The Richmond Select Board has voted to require municipal employees, not including Richmond Consolidated School staffers, to be vaccinated against COVID-19 as a condition of employment.

RICHMOND — After a brief but vigorous, unscheduled debate more than two hours into its Wednesday night meeting, the Select Board voted 2-1 to require municipal employees, not including Richmond Consolidated School staffers, to be vaccinated against COVID-19 as a condition of employment.

“We’re seeing a pandemic among the unvaccinated, putting at risk health care workers and, frankly, the vaccinated,” Select Board Chairman Neal Pilson said, citing a limited number of mostly mild or moderate “breakthrough cases” among those inoculated.

“We recognize that where mandates have not gone into effect, we’re killing health care workers, which is totally unacceptable,” he said, citing as a “national tragedy” the fact that 95 percent of hospitalized COVID patients currently are not vaccinated.

The issue was raised by resident Harley Keisch, a member of the town’s Conservation Commission. He cited the Centers for Disease Control and Prevention’s recent full authorization for the Pfizer COVID vaccine and a growing number of cities, towns and private companies mandating inoculations for all employees.

He suggested consideration of a policy requiring vaccinations for all town employees, as well as “a clear message about the value of masking” since the CDC guidance recommends face coverings for indoor events in areas with high transmission rates such as Berkshire County and the rest of the state.

Pilson pointed out that the town’s School Committee would have to rule on vaccination requirements for teachers and staff members at Richmond Consolidated School, since they are the majority of town employees but also are subject to collective bargaining.

On Thursday, Pilson told The Eagle that since the issue had been raised late in the meeting and had not been on the posted agenda, he has advised Town Administrator Danielle Fillio not to implement the policy, pending a discussion at the Sept. 9 Select Board meeting as part of the posted agenda, at which time the board will take another vote.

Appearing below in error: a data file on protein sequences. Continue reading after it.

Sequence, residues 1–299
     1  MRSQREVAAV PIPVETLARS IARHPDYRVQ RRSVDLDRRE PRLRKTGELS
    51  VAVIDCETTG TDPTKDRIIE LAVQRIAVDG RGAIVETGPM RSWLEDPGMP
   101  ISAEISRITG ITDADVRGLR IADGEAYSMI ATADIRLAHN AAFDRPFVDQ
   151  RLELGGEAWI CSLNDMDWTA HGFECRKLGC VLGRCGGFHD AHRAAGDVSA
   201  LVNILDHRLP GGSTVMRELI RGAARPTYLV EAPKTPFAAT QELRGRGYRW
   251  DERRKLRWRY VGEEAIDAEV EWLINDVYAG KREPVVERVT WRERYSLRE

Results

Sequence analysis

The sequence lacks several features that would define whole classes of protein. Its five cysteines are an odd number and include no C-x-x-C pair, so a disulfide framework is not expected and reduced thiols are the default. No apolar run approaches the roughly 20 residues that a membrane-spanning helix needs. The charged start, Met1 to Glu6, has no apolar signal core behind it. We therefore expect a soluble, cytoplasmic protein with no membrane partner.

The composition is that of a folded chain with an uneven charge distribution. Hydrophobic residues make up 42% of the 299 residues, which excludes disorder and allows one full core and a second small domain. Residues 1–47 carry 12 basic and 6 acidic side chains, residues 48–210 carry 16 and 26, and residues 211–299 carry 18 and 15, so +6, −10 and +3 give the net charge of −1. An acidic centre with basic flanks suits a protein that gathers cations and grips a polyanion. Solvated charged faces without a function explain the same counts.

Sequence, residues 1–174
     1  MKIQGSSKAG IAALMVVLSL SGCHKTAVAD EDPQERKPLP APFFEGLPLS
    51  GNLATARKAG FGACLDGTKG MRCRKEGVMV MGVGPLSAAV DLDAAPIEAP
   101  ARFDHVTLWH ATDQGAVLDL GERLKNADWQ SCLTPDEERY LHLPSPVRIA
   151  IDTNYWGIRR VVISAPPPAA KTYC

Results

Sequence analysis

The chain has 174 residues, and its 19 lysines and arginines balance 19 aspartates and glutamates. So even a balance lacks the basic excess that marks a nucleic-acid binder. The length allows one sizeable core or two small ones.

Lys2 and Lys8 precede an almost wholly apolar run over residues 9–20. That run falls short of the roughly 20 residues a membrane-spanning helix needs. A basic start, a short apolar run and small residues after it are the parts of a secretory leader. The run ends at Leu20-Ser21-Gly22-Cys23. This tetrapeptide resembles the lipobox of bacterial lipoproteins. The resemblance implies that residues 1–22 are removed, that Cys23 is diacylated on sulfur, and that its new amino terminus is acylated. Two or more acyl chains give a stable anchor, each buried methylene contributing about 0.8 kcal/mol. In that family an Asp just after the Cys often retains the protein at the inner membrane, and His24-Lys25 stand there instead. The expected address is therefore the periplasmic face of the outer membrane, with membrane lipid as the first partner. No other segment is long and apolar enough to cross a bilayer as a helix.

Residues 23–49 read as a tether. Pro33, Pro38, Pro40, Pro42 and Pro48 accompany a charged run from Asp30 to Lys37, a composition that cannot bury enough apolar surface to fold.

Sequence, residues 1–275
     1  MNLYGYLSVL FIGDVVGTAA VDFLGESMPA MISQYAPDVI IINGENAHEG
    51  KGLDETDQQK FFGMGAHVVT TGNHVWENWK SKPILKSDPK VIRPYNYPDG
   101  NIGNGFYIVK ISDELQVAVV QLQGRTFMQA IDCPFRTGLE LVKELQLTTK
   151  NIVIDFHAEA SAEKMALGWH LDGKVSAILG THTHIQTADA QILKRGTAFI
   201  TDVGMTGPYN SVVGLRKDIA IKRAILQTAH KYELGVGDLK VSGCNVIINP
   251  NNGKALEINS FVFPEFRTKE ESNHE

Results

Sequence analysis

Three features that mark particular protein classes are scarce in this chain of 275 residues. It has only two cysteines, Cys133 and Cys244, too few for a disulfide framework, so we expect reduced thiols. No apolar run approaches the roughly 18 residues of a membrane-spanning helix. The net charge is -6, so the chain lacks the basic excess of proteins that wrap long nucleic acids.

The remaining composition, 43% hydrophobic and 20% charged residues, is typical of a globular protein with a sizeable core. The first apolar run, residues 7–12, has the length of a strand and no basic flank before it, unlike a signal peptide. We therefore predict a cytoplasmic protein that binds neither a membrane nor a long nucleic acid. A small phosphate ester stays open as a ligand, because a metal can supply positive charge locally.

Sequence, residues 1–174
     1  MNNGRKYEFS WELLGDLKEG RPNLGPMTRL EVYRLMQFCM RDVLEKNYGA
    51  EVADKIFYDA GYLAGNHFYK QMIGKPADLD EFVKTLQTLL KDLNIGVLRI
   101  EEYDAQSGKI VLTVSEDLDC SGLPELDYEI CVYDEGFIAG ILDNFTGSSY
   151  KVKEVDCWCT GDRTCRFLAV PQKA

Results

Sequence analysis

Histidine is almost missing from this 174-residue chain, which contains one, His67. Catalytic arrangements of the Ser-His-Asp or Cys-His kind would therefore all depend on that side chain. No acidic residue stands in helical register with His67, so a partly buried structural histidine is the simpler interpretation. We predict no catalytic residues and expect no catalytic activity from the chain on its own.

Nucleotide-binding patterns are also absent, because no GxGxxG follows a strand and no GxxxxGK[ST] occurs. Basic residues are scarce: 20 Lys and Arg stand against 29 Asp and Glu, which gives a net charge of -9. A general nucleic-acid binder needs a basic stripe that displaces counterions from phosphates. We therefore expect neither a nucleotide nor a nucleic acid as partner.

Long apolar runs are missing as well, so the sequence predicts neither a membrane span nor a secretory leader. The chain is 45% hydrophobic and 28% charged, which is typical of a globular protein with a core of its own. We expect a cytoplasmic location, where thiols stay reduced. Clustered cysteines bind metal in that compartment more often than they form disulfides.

Selectman Roger Manzolini, who cast the lone dissenting vote against the vaccination policy, asserted that “there’s a difference between leadership and ‘followship.’ ”

Manzolini, a Select Board member for 24 years, strongly advocated personal choice.

“All I’ve heard all my life is pro-choice, pro-choice, pro-choice, pro-choice,” he said. “What happened to pro-choice with respect to choosing what you as an individual will inject into your own body or how you manage your own body?”

He described his position as not to “dictate or mandate” to town employees how they manage their health.

Pushing back, Pilson noted that school districts in New York, bars, restaurants, many large companies and municipalities are mandating vaccinations for employees.

“Unvaccinated people are spreading, not just to their own families but, from time to time, to those who are vaccinated,” he added. Pilson also stated that there are multiple required inoculations against smallpox, polio and against childhood diseases.

“The Select Board is totally vaccinated,” board member Alan Hanson said.

“Yes, we are,” Pilson agreed.

But, Manzolini said that he has not disclosed his vaccination status publicly.

During the animated discussion, Pilson noted that Manzolini has told him personally that he has been inoculated.

“But, it’s nobody’s business,” Manzolini told Pilson. “You don’t have to volunteer it to the public.”

“It’s everybody’s business,” interjected Keisch, the resident who raised the issue.

At that point, Pilson recommended that since all Town Hall staffers and Highway Department members have taken the shots, any new municipal employee should be asked to do the same as a condition of employment.

“It’s important that we all be vaccinated, creating an environment where we’re all safe so people are protected from each other,” Hanson said.

Pilson then called for a vote on a policy requiring municipal employees to be vaccinated as a condition of employment. Hanson seconded the motion and it passed, 2-1, with Manzolini dissenting.

“The science doesn’t support the actions being taken nationally,” Manzolini insisted. “I believe in science.”

Ending on a note of harmony, Pilson described his colleague as “a thoughtful, kind gentleman; you’re entitled to your view; I just don’t happen to agree on that one.”

“Yes,” Manzolini replied. “And you’re entitled to your view and I respect it.”

Clarence Fanto can be reached at, on Twitter @BE_cfanto or at 413-637-2551.